The Office of International Judicial Assistance ("OIJA") serves as the Central Authority for the United States pursuant to the Convention of 18 March 1970 on the Taking of Evidence Abroad in Civil or Commercial Matters, T.I.A.S. No. 7444, 23 U.S.T. 2555 ("HCCH 1970 Evidence Convention"). In addition, OIJA handles evidence requests received from non-Convention States through diplomatic channels. Please note the United States is not a party to the Inter-American Convention on Letters Rogatory for purposes of obtaining evidence.
I. Inbound Evidence Requests
OIJA strongly encourages members of the HCCH 1970 Evidence Convention to utilize the Model Letter of Request form. Whether received pursuant to the HCCH 1970 Evidence Convention or through diplomatic channels, OIJA reviews incoming requests to assess whether they can be executed under our legal system. Our OIJA Evidence and Service Guidance addresses common requests that cannot be executed under our legal system and will thus be returned without execution (see link below).
Generally, an executable request must include the names of the parties in the foreign proceeding and a sufficiently detailed description of the nature of the underlying proceeding. If documentary evidence is sought, the request must include a description of the documents sufficient to allow the competent authority executing the request to identify them. If the request seeks witness testimony, the request must include the name and contact information of the witness and a list of specific questions to be posed, as well as any instructions that the Requesting Authority may have regarding the manner of questioning, i.e., whether sworn or unsworn and whether any privileges are applicable. All this information must be provided in English. Unless a deposition is specifically requested, the method of obtaining witness testimony is through answers to written interrogatories. Please note, consistent with Articles 14(2) and 26 of the HCCH 1970 Evidence Convention, OIJA will seek reimbursement for certain costs, such as court reporter fees.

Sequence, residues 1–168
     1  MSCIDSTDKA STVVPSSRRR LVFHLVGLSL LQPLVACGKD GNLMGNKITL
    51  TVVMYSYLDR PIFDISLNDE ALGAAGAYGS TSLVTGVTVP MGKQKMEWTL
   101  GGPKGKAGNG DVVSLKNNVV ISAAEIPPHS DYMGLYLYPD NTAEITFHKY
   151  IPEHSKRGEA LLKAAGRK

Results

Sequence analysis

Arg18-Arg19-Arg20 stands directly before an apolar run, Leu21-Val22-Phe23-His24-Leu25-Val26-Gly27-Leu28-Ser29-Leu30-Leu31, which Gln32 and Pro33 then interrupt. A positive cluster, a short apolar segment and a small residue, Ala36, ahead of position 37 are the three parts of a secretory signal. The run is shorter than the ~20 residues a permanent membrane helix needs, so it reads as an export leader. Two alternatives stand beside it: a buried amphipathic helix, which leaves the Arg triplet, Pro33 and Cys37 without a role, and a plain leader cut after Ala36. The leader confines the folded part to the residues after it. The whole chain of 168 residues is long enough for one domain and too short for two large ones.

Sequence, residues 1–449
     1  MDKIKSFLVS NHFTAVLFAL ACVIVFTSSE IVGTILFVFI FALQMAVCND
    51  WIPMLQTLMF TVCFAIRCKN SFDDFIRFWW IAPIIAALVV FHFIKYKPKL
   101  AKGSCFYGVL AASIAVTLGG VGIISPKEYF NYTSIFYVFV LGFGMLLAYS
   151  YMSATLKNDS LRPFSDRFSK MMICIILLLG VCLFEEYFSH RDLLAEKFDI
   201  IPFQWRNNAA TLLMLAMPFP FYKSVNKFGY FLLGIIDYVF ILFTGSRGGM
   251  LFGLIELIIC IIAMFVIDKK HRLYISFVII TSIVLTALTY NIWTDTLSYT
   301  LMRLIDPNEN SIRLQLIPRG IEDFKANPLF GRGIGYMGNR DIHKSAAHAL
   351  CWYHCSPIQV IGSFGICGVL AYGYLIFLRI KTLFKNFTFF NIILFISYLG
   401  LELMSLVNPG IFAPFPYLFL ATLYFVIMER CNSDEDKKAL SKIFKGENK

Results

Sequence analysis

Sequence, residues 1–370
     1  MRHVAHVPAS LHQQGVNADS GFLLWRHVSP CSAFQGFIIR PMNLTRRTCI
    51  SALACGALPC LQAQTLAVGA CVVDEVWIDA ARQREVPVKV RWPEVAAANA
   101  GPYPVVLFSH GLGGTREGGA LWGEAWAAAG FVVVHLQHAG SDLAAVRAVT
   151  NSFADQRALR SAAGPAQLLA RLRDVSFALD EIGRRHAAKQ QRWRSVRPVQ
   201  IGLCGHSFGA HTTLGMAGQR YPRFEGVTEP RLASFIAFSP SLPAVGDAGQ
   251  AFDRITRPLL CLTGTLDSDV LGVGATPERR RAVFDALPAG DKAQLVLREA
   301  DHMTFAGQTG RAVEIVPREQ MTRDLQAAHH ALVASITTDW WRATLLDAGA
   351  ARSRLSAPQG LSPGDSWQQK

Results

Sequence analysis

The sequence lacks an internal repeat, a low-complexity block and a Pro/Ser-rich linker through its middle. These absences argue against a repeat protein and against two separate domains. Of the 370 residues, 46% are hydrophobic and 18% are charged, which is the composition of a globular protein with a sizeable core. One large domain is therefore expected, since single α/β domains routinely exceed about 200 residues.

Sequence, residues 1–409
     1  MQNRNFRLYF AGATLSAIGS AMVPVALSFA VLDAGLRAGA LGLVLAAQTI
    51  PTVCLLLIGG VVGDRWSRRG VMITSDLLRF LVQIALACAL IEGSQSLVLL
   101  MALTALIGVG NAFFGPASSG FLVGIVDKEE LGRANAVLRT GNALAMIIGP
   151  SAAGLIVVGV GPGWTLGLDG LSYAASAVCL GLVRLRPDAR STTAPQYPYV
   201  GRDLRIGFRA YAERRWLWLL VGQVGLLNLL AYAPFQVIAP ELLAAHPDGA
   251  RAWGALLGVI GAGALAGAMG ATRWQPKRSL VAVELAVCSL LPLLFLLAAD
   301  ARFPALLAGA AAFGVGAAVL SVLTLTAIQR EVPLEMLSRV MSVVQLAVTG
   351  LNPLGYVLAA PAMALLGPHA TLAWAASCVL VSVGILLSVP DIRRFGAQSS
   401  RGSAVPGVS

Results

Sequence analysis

After confirming that requests comply with applicable international requirements and U.S. law, OIJA moves forward with execution or refers the request to the appropriate United States Attorney's Office (USAO). Where a witness provides the requested evidence voluntarily, a request may be quickly executed. However, where a witness must be compelled to provide the requested evidence, the USAO must initiate judicial proceedings in the United States under 28 U.S.C. § 1782, which will require additional time for execution.
OIJA discourages the submission of duplicate requests. Instead, Requesting Authorities should request status updates by contacting OIJA@usdoj.gov. We encourage Requesting Authorities to provide us with an e-mail address to which inquiries and updates may be sent and to contact OIJA to update or modify a previously submitted request. When requested evidence is no longer needed, we ask that the Requesting Authority promptly notifies OIJA.
II. Outbound Evidence Requests
As the Central Authority pursuant to the HCCH 1970 Evidence Convention, OIJA processes Letters of Request issued by a foreign judicial authority for the collection of evidence, whether documentary or testimonial, in the United States. OIJA does not process, review, or transmit Letters of Request or letters rogatory for the collection of evidence in a foreign state in private U.S. litigation matters.
Questions can be directed to OIJA at OIJA@usdoj.gov. Our mailing address can be found under Contact Us.
HCCH 1970 Evidence Convention
U.S. Department of State Guidance